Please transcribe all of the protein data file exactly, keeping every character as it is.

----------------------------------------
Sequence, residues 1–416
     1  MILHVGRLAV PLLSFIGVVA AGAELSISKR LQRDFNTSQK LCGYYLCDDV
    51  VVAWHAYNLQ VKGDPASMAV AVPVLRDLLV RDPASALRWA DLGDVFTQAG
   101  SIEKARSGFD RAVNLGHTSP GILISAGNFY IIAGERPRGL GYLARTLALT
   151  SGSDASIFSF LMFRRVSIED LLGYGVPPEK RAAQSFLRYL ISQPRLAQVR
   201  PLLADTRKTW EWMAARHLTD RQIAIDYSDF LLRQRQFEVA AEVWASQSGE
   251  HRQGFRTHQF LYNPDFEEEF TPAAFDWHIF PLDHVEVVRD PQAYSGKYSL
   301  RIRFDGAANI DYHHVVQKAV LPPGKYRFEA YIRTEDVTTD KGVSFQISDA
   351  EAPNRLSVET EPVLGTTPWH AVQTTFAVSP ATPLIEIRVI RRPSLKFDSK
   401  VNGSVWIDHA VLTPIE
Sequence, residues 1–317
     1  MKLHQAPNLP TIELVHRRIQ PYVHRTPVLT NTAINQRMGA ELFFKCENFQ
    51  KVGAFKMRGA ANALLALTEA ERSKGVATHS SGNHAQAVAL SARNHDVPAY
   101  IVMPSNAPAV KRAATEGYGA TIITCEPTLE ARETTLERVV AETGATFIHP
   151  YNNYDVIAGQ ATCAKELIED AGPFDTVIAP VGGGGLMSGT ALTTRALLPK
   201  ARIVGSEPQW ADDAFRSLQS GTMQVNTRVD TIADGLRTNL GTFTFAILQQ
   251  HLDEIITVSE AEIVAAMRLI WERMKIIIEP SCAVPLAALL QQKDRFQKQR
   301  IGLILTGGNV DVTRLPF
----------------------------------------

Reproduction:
Sequence, residues 1–416
     1  MILHVGRLAV PLLSFIGVVA AGAELSISKR LQRDFNTSQK LCGYYLCDDV
    51  VVAWHAYNLQ VKGDPASMAV AVPVLRDLLV RDPASALRWA DLGDVFTQAG
   101  SIEKARSGFD RAVNLGHTSP GILISAGNFY IIAGERPRGL GYLARTLALT
   151  SGSDASIFSF LMFRRVSIED LLGYGVPPEK RAAQSFLRYL ISQPRLAQVR
   201  PLLADTRKTW EWMAARHLTD RQIAIDYSDF LLRQRQFEVA AEVWASQSGE
   251  HRQGFRTHQF LYNPDFEEEF TPAAFDWHIF PLDHVEVVRD PQAYSGKYSL
   301  RIRFDGAANI DYHHVVQKAV LPPGKYRFEA YIRTEDVTTD KGVSFQISDA
   351  EAPNRLSVET EPVLGTTPWH AVQTTFAVSP ATPLIEIRVI RRPSLKFDSK
   401  VNGSVWIDHA VLTPIE
Sequence, residues 1–317
     1  MKLHQAPNLP TIELVHRRIQ PYVHRTPVLT NTAINQRMGA ELFFKCENFQ
    51  KVGAFKMRGA ANALLALTEA ERSKGVATHS SGNHAQAVAL SARNHDVPAY
   101  IVMPSNAPAV KRAATEGYGA TIITCEPTLE ARETTLERVV AETGATFIHP
   151  YNNYDVIAGQ ATCAKELIED AGPFDTVIAP VGGGGLMSGT ALTTRALLPK
   201  ARIVGSEPQW ADDAFRSLQS GTMQVNTRVD TIADGLRTNL GTFTFAILQQ
   251  HLDEIITVSE AEIVAAMRLI WERMKIIIEP SCAVPLAALL QQKDRFQKQR
   301  IGLILTGGNV DVTRLPF